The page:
Bucharest Prefect Mihai Cristian Atanasoaei presented on Tuesday a law draft according to which the dogs found in Bucharest's shelters are to be eliminated if they fail to be adopted within seven days. The NGOs claim there are 40,000 stray dogs on the streets of Bucharest, while the city's council claims there are 100,000. In the first three months of the present year 2,175 people have been bitten by stray dogs.

In an online live chat with HotNews.ro readers, Atanasoaei detailed the conditions to adopt a dog, the costs of dog shelters and euthanasia.

His proposal is likely to be enforced 30 days after the publication in the Official Gazette. People who want to inquire about a dog that has an owner but that was captured by mistake or who want to inform on a stray dogs can do so at the local Veterinary units or at the services that manage stray dogs, he said.

"If all dogs without an owner from a town will be adopted by NGOs and individuals, there will be no more dogs left to euthanasia. We leave the communities to decide alone the fate of stray dogs. And here is where the NGOs will play an important role", he added.

According to him, anyone can adopt a dog, but those living in a flat will be able to adopt more than two dogs only if they obtain the agreement of the owner's association and proves that the animal has sufficient space. "our right to own cannot breech the neighbours' rights", Atanasoaiei claims.

The prefect said there were 11,000 people bitten in Bucharest alone last year. Their medical care cost around 400,000 euros and 1,320,000 euros in the last four years, he claims. Euthanasia for a dog costs 11 lei (around 3 euros). "The shelters and vets will that the dog will stay in the shelter for as long as the law entails, before euthanasia", he added. Atanasoaiei said he agreed with the "compulsory castration of the dogs with or without an owner".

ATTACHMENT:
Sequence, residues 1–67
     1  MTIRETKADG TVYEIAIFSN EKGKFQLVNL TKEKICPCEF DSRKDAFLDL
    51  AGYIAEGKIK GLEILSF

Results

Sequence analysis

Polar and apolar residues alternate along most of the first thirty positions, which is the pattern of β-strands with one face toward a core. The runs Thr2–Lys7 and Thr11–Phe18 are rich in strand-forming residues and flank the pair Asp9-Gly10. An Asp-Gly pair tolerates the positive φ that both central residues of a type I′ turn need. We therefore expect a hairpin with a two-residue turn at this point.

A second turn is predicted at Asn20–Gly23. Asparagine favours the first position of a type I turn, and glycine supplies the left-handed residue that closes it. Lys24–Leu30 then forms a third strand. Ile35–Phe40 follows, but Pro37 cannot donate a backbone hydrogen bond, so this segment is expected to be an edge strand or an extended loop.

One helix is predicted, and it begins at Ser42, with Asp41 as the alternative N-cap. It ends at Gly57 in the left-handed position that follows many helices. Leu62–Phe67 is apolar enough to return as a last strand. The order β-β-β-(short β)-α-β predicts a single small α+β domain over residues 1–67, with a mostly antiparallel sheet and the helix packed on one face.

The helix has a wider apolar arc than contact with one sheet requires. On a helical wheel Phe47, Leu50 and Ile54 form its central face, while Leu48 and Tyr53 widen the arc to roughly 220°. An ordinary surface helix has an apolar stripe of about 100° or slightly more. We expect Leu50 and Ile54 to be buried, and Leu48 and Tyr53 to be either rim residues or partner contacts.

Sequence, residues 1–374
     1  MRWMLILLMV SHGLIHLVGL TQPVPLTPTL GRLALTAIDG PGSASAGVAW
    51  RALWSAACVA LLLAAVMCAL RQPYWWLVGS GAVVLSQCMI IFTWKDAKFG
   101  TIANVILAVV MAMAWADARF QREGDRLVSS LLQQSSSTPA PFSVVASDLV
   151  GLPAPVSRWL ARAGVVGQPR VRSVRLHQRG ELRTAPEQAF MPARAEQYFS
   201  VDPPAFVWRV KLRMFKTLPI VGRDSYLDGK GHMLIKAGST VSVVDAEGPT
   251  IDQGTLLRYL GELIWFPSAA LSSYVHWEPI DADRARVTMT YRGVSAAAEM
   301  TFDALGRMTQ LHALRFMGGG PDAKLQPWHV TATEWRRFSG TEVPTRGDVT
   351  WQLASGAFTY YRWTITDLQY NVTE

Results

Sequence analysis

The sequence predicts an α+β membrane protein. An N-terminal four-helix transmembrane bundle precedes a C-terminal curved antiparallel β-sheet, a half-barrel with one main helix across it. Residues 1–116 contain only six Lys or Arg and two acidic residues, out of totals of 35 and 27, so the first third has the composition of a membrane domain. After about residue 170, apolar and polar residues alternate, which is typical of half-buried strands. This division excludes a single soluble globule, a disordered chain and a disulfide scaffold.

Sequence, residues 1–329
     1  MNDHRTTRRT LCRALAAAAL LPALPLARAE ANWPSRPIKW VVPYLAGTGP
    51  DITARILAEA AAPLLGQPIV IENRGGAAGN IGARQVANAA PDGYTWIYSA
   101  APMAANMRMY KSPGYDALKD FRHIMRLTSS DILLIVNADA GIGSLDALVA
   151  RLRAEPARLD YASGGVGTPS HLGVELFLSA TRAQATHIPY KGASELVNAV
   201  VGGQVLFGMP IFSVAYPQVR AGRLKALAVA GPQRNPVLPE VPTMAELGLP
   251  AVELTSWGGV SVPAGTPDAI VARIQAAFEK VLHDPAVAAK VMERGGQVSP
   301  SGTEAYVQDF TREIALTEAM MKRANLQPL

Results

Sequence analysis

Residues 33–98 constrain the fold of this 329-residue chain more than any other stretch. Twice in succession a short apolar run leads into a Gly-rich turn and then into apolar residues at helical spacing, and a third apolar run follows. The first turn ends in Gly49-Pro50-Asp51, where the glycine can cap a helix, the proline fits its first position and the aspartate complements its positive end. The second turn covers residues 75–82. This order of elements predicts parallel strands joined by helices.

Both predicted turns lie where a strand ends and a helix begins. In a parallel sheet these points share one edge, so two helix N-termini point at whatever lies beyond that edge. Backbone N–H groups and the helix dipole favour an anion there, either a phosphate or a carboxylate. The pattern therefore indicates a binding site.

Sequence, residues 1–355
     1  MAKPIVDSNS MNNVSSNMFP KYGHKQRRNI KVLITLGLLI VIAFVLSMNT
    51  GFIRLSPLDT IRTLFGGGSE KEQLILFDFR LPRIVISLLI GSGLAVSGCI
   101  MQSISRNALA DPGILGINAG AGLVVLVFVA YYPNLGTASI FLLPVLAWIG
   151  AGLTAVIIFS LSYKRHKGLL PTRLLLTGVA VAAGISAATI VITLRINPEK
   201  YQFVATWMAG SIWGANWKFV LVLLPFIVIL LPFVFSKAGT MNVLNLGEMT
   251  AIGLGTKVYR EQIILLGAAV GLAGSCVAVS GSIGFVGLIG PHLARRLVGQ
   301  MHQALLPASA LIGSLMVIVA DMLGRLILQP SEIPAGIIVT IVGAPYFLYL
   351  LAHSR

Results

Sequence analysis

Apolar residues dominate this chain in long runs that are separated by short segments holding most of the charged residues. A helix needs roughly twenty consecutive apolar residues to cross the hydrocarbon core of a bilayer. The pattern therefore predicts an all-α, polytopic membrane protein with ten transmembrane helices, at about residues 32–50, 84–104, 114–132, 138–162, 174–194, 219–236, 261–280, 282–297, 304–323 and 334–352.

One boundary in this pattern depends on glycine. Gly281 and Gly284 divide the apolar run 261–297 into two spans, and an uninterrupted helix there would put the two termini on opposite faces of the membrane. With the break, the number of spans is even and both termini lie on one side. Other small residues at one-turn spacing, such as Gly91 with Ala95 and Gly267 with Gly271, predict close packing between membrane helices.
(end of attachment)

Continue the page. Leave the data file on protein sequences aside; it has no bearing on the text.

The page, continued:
He agreed that the problem of stray dogs was closely links with the issue of the city's sanitation. The amendments he proposed to the existing law address:

  • the creation of shelters and services specialised in handling stray dogs by local authorities, within 30 days from the day the law is adopted or face sanctions;
  • setting up a database for stray dogs, for owned dogs and dogs with a special regime;
  • implanting a microchip into every dog in the country;
  • encouraging adoptions and making the adopters responsible, so that the dogs will not end p on the streets again. Those mistreating the dogs will be fined between 2000 and 5000 lei;
  • compulsory sterilisation of the "common" race dogs;
  • the interdiction of breeding dogs on the public domain;
  • the interdiction of abandon the adopted dogs on public domain;
  • keeping the public domain clean
  • dog owners would have to register their dogs immediately after adoption;
  • euthanasia. The vets will first consult the dogs. Those incurable, with serious affections or aggressive will be euthanized immediately. The rest of them will be kept between seven to 14 days to be adopted or rededicated, before being eliminated.

In an interview for Adrian Novac, Nadja Kutscher - campaign coordinator for PETA Deutschland - declared:

"Implementing castration programmes (and providing for the dog's care afterwards!) represents the only solution to efficiently reduce, in a humane manner, the number of stray dogs". Commenting on the proposal of the Bucharest prefect, Kutscher opinionated this was "completely unproductive - it is not only cruel, but also inefficient and, on long-term, more costly."

PETA announced its availability to cooperate with the Romanian authorities to solve the issue of stray dogs.